Op-Ed: Ethics Of Driverless Cars: Should Consumers, Not Tech Titans, Get To Decide The Value Of Their Lives?
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Driverless cars will be on the road within a decade, affecting nearly every aspect of American life. While the economic consequences require much consideration, just as important are the ethical questions that come with this new technology. What follows is a discussion of how the free market can answer those questions as decisions of life and death are made by brains of silicon.
The classic philosophical illustration of the situation is the “Trolley Problem,” depicted above. Five people are bound to a track, with a trolley coming. Up the track, a man has the ability to pull a switch, diverting the train to a secondary track which would result in the death of only one person. If the man does nothing, letting the “fates” decide, he passively watches as five people die. However, if he pulls the lever, taking an active role, he saves the five while sacrificing the other person.
Much has been written about this problem, and I won’t detail its myriad moral and situational permutations. What is certain however, is in the very near future machines will be in positions where they need to make these decisions, and there exist profound disagreements among moralists and ethicists about what the “right” decision is in each situation with principled ethical arguments for each course.
The free market offers a mechanism to resolve these differences. The owner of a driverless car or fleet should be able to choose the “ethics” of their driverless car’s software. One can easily imagine a dial which increases the level of “self preservation” on the car’s operating system, similar to adjusting the touch sensitivities on a smartphone.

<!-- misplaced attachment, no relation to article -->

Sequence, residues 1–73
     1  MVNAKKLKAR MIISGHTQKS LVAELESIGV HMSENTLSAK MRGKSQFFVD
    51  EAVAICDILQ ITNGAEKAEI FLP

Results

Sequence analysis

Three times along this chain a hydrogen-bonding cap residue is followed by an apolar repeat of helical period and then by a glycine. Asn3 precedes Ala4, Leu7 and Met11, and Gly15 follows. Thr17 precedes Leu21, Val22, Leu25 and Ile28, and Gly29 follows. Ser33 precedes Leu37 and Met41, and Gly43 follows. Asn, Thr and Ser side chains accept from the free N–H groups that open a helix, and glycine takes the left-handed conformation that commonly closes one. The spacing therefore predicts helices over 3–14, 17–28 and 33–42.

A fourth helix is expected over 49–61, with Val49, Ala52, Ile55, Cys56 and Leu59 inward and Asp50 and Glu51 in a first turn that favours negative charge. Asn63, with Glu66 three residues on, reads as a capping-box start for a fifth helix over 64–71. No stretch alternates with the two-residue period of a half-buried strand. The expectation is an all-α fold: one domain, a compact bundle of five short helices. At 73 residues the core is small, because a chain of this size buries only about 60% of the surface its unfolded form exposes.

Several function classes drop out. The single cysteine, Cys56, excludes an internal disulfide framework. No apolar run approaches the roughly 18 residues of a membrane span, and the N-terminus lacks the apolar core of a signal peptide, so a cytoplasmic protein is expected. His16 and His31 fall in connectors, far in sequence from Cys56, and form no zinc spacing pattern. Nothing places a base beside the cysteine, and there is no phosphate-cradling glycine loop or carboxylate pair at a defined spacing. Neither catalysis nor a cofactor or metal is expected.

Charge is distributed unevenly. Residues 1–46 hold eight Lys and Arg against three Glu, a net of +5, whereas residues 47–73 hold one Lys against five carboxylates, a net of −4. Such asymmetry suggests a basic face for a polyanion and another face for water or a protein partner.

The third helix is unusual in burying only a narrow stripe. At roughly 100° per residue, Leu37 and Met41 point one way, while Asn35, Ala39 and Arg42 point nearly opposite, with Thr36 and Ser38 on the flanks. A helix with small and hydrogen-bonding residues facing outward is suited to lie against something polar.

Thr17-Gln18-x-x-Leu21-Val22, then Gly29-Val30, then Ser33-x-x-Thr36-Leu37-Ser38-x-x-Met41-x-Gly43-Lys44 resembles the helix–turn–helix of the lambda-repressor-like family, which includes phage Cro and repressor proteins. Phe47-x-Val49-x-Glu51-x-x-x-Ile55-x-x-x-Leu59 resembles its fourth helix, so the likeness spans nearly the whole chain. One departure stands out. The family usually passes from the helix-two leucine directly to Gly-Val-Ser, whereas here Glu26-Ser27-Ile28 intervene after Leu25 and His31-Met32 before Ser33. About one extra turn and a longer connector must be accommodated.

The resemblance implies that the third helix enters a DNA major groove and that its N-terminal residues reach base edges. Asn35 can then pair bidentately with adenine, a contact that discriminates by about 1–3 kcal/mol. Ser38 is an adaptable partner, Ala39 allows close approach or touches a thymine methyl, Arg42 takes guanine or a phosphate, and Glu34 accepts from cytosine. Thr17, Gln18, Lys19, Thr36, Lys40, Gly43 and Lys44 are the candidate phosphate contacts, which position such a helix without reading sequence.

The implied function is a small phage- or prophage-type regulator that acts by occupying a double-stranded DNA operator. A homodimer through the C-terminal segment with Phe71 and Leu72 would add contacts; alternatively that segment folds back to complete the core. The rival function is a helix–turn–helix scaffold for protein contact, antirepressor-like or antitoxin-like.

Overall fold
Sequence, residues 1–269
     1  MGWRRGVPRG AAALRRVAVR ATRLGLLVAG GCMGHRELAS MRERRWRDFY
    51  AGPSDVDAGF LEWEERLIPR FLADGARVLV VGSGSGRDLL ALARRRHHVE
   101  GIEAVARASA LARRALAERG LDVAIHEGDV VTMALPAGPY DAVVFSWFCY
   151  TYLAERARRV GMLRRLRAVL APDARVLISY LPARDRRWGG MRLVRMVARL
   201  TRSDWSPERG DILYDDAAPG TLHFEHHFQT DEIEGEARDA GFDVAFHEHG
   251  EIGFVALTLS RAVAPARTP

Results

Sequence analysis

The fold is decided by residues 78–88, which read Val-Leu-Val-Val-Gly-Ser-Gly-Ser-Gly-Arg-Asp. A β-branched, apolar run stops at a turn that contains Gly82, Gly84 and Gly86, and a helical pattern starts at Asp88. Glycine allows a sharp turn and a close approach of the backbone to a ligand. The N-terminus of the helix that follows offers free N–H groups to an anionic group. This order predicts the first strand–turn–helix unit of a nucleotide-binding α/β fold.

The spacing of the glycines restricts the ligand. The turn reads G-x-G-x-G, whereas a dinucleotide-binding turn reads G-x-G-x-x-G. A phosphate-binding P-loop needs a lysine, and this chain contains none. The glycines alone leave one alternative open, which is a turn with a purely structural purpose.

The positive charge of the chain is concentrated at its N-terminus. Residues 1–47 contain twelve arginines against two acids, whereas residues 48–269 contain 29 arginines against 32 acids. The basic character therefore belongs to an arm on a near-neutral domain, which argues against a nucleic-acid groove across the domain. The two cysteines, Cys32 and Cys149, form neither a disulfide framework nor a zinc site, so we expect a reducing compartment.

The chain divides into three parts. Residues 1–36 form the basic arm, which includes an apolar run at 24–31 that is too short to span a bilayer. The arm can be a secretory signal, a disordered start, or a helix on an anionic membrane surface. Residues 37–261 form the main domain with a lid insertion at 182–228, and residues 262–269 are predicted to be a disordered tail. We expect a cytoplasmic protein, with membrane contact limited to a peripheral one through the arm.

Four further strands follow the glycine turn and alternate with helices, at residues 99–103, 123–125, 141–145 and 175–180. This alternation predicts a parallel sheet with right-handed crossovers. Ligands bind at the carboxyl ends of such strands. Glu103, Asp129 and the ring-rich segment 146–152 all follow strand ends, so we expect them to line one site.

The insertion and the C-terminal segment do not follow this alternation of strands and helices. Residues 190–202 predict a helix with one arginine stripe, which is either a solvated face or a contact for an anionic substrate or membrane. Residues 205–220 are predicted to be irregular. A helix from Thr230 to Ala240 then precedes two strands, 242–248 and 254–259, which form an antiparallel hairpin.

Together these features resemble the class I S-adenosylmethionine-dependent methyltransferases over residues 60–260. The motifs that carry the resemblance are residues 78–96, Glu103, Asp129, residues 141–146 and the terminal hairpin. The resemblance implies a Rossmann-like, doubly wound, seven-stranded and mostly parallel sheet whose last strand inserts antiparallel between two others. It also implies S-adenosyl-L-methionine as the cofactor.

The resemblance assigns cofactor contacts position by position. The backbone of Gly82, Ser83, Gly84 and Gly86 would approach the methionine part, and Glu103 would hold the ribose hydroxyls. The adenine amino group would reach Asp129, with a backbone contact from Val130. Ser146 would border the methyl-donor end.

Further, one can easily imagine competing operating systems which offer more flexible or more rigid “ethical constraints” with more complex or feature filled operating systems costing more. In conjunction, the insurance market will undoubtedly evaluate each type of software and feature set differently. A more “self-interested” AI will cost more to insure, as it will be inherently less flexible than those with the potential to sacrifice the life of their passengers. However the market develops, consumers must be given the choice in how to weigh the variables.
This future is swiftly approaching, and it is critical that the voice of consumers be recognized with the the opportunity to choose options which fit their tastes. Should we not have a say in how our driverless chauffeurs value our lives, rather than ceding this decision to the the technical elites?
John Mantia is a Senior Analyst at a Hedge Fund in New York. Born and raised in St. Louis, he is a graduate of Fordham University’s Gabelli School of Business.